SPOKANE, Wash. — Maria McCray is a so-called DREAMER who was brought the United States illegally from Mexico by her parents when she was a young girl.

Fourteen years later, she and thousands of DACA recipients in Washington sit in limbo waiting for Congress to act on legislation that will no doubt impact their futures.

McCray was 8-years-old when her parents brought her and her four older siblings to the United States from Michoacán, Mexico. None of them had documents, but McCray said her parents were desperate for work, and to give them a better life. They initially landed in California before moving to the Tri-Cities where McCray went to school and settled in to her new life.

“I've lived here the longest and I don't recognize Mexico as my country anymore because I've been here the longest," she explained.

In 2013, McCray applied for the Deferred Action for Childhood Arrivals program, also known as DACA. It was created the year before by then President Barack Obama to give young immigrants brought the US illegally as children relief from deportation if they meet certain criteria.

First off, applicants can’t be a risk to national security or public safety. Convicted felons or people convicted of significant or misdemeanors are not eligible. Only people who arrive in the U.S. before their 16th birthday are eligible. Applicants must be in school, a high school graduate or GED holder or be honorably discharged from the US armed forces or Coast Guard. DACA does not grant permanent resident status and does not provide a path to citizenship. Finally, recipients must re-apply every two years.

DACA by the numbers

In the past six years, roughly 800,000 young people have been granted DACA status. More than 18,000 of those grantees live in Washington and about 3,200 live in Idaho.

“I kind of understood that it was something it was going to be really useful to me in the future applying to jobs and being able to study and all this stuff i didn't know I needed before," McCray said.

She just graduated from Washington State University and is now pursuing her master’s degree while teaching Spanish classes at the university. She’s married to a US citizen, an Army reservist, and has applied to become a legal resident with hopes of one day becoming a U.S. citizen. She said getting her citizenship means that she’ll officially belong to a country.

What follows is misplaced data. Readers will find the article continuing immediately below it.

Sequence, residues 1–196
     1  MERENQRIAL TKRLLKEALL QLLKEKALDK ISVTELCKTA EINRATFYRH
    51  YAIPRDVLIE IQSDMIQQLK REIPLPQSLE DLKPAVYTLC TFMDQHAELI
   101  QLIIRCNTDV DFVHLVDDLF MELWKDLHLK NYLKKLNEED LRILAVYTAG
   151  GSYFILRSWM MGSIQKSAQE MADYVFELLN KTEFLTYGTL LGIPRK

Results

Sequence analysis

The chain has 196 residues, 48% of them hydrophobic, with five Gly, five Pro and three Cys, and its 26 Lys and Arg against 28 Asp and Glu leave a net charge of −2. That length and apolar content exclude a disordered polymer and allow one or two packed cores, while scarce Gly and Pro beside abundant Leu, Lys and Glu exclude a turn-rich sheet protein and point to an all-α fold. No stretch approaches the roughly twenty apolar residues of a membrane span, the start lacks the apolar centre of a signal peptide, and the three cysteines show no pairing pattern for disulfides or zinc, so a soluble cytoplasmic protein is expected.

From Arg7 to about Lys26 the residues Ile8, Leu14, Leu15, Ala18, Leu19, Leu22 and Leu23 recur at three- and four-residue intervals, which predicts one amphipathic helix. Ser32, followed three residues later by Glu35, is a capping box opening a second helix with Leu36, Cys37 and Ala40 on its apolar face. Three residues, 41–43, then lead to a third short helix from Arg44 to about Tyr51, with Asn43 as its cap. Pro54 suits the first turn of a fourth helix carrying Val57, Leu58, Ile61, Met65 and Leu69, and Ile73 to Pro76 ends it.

“Right now, even though I feel like the United States is my country, I feel like I don't belong here because I'm not a resident, or a citizen, and I don't belong in Mexico because I haven't lived there as long as I've lived here,” McCray explained.

She and hundreds of thousands of young immigrants like her are now in limbo.

In 2017, the Trump Administration announced an end to DACA, and told Congress to pass an immigration bill that addressed DREAMERS, which to date has not happened.

For now, DACA remains in place following rulings from federal judges in Washington D.C, California, New York. The Department of Homeland Security is appealing the judgements. This means DACA’s fate and the fate of recipients like McCray is up in the air. She admits, she’s worried.

“I'm afraid that if I end being deported to Mexico I'm going to be struggling over there. I don't see that as my country and I feel like I don't belong over there," she said.

With the midterm elections coming up on November 6, KREM reached out to both Congressional candidates Cathy McMorris Rodgers and Lisa Brown.

Brown said she believes DACA recipients should continue to receive protections from deportation.

“More than 1,200 students in eastern Washington who were brought to this country as children had the rug pulled out from under them in September of 2017, when the president unilaterally ended DACA without any proposed solution in place. Since then, these young people including students I’ve met with at Whitworth and WSU, have lived in uncertainty about their futures, and have been put in the middle of political posturing. That just isn’t right,” Brown said in a statement.

McMorris Rodgers said, “I believe we need to provide certainty for DACA recipients. I’m committed to working with my colleagues in the House to establish common sense policies for children of immigrants, policies that recognize that many of these children came to our country at no fault of their own. I’m disappointed that we haven’t got this done yet.”

KREM also asked both candidates if they elected, would they introduce stand-alone legislation to offer DACA recipients a path to citizenship or legal status in the United States.

“Yes. And I wouldn’t even have to introduce it myself, because the legislation is already right there on the table - the DREAM Act, which enjoys wide bipartisan support. Unfortunately, Rep. McMorris Rodgers and others in House leadership have refused to bring the bill forward. She says she wants to help students who were protected under the Deferred Action for Childhood Arrivals (DACA) program, yet, she supports the partisan strategy of holding back a solution for those young people in order to coerce a deal on other unpopular issues, like spending billions on a border wall. If I am in Congress, I will listen to Dreamers and fight for their priorities, including supporting a bill introduced by others, or introducing stand-alone legislation myself,” Brown said.

“I have voted in support of legislation to provide certainty to DACA recipients and I will continue to support that effort. In the end, we need to get this done, and I think the only way that we can get bipartisan agreement to move forward is with legislation that secures our border while also providing a path forward for DACA recipients,” McMorris Rodgers said.